Non-violence in a violent world. Tom chooses to be violent in thought, intent and through provoking others to enact violence on one another. It is as though his inner world of scheming and plotting presents a reality which detaches him from the exterior - a world within a world. Perhaps this is a mirror of the film's central plot - that in a world of illicit gambling and drinking another world exists where the rules are clear, a morality understood and followed and where loyalty is the highest prize. A portrayal of purity in the midst of impurity. What this serves to underline are the dangers of a morality that is relativistic and which fails to acknowledge an exterior source of grace and wisdom. It is totally self-serving and ultimately becomes self-defeating.

The film is dense. By that I mean that it moves at an even pace and absolutely nothing is wasted - it demands complete attention. The acting is superb, the lighting and sets powerfully evocative of something that probably never existed - a simulacrum. The dialogue is pure Coen brothers - no wasted words and much meaning communicated in and through the spaces created by the Director and characters - especially Tom. Additional interest is added through the gay relationship between Dane and Mink which is presented in an open and matter-of-fact way.

I found this film gripping, excellent, convincing, repulsive and at the same time attractive with all the strength of an inescapable addiction. It communicated. Tom is a strong character but we know nothing of him except what we see him do - the same goes for all the characters, there is no back-story, no context. There is one scene where Tom chooses to exercise mercy and compassion. Are these things that inform his normal thought processes? For me it made Tom an even more believable and likeable character. It presented a glimpse of something that could transcend the moral ambiguity and bankruptcy of the narrative - it gave hope.

As a man I could understand and inhabit the world the film presented. It was like a favourite and warmly familiar overcoat that kept you warm. If this is the world as women encounter it, we are in deep doo doo and I am sorry for my complicity in it. Was Verna the only character with a consistent and life-giving morality? I wish to reassure you that I have no intentions of opening an illegal gambling and drinking den or of obtaining a Tommy gun and bumping off people who disagree with me, or playing by a relativist morality that is controlling and exploitative. There is much in this film to repulse the viewer - but this viewer would happily watch it again today - and possibly tomorrow too!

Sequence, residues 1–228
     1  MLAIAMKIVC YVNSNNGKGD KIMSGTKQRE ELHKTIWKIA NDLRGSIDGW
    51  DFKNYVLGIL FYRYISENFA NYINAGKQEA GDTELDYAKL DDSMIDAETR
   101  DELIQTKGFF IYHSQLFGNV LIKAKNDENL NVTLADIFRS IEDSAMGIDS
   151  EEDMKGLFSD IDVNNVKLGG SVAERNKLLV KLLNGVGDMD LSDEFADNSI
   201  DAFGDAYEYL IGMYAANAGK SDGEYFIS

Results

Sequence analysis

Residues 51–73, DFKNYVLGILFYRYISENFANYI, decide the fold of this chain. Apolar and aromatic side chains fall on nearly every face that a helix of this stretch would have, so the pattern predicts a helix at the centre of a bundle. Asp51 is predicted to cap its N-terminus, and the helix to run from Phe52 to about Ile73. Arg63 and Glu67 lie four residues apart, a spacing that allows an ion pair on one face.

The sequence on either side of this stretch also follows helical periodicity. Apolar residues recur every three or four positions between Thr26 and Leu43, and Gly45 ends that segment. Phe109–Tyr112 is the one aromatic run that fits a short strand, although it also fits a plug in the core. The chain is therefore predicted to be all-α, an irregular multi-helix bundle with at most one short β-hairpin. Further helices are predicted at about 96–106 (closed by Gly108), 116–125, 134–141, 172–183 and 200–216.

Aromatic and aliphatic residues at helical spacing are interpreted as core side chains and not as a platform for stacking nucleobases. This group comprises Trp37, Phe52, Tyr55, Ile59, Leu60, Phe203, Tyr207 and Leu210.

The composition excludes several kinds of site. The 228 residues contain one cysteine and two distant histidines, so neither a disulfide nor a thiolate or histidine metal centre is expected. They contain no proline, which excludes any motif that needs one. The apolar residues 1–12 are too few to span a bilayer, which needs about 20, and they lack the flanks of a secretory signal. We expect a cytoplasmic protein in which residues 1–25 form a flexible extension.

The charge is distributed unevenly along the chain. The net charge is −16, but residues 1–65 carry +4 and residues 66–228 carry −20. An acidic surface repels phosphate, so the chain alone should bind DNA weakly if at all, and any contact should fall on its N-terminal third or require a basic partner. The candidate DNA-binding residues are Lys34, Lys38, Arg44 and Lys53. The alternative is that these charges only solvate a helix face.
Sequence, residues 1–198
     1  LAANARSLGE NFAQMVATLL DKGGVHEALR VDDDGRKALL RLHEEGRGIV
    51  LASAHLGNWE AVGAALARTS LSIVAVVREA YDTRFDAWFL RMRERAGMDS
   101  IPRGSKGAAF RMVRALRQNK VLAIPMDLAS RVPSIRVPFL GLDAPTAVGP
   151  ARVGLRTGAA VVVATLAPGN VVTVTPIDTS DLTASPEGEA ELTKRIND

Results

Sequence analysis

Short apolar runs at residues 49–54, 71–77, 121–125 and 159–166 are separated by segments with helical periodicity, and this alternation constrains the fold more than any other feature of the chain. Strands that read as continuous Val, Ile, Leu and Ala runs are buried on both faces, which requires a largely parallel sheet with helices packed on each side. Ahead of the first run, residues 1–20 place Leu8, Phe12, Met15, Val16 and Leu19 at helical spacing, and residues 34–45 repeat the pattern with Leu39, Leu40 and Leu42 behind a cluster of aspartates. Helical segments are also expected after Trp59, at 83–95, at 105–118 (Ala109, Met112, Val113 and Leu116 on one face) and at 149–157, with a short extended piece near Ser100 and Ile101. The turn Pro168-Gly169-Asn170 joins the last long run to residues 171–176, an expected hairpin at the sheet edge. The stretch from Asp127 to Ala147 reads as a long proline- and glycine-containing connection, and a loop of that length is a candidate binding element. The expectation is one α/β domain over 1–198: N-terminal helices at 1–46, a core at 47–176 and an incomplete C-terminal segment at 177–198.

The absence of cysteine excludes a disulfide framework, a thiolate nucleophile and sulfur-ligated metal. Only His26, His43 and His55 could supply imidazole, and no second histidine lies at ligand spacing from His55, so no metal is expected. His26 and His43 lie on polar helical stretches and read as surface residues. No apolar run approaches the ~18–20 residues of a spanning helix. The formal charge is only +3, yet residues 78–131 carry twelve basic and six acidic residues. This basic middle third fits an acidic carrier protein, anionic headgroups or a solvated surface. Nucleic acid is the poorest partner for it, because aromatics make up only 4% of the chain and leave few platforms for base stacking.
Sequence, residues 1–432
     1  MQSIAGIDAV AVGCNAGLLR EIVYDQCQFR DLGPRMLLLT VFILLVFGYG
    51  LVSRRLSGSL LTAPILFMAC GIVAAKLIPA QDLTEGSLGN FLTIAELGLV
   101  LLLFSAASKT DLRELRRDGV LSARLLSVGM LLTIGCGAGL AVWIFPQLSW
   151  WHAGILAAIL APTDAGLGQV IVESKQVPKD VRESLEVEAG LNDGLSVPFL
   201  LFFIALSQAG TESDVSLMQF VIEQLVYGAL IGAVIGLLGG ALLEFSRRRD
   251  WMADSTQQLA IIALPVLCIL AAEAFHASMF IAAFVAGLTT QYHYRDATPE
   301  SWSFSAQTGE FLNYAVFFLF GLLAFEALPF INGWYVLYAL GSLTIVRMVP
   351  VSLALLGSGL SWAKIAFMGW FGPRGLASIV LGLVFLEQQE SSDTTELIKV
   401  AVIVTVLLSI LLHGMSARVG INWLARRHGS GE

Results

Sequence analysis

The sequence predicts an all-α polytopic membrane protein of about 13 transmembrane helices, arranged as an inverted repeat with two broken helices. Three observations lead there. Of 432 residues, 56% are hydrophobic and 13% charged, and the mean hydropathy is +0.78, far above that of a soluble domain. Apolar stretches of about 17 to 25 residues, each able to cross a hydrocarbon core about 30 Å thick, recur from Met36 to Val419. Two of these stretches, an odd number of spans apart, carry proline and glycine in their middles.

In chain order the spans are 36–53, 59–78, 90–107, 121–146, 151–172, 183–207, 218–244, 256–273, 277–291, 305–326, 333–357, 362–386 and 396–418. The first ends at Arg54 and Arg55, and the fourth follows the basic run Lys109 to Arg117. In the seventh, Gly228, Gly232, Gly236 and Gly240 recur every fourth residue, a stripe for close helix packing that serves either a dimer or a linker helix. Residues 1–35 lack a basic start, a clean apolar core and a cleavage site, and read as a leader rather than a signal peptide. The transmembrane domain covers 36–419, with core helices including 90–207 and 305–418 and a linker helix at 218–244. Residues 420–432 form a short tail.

Well worth the investment of time - it will engage you. I'll give it 8.5/10.

Monday, 26 July 2010

Film Club

I have just finished reading the book Film Club by David Gilmour. A couple of years ago a colleague gave me a cutting from a Sunday Newspaper which was the story of a teenage boy who didn't do school. His Father made a bargain with him - he could live at home, rent free as long as long as he didn't do drugs and he agreed to watch 3 movies a week with his Father. This book charts those five years - it is autobiographical for David and his son Jesse.

The book operates in two spheres. Set in Toronto, the author works in TV and has a passion for film having once been Film Critic for CBS. He decides to use his knowledge of film, calling on reviews, books, interviews (sometimes his own) to enrol his son in a kind of Université de Cinéma and give him the education he wasn't getting in school.

The choices of films and his introductory sketches and retrospective analyses are all very apt. The story covers a huge range of genres citing 121 different titles. The insights the films give into Jesse's roller coaster of a life are at times helpful and at other times I felt lacking in sensitivity and positively unhelpful. I'm sure I would have done a worse job! Gilmour covers a breath-taking breadth by putting the spotlight on Directors, then on Actors, the way a film is shot, lighting. He highlights individual lines of dialogue and scenes that he feels resonate with Jesse's predicament. From James Dean's defiant swish of the rope in Giant to Patricia Arquette's motivational 'You're so cool' in True Romance, Gilmour tries to impute the self-confidence, la joie de vivre and lack of ambition his son's unfocused life lacks. I think he tries too hard.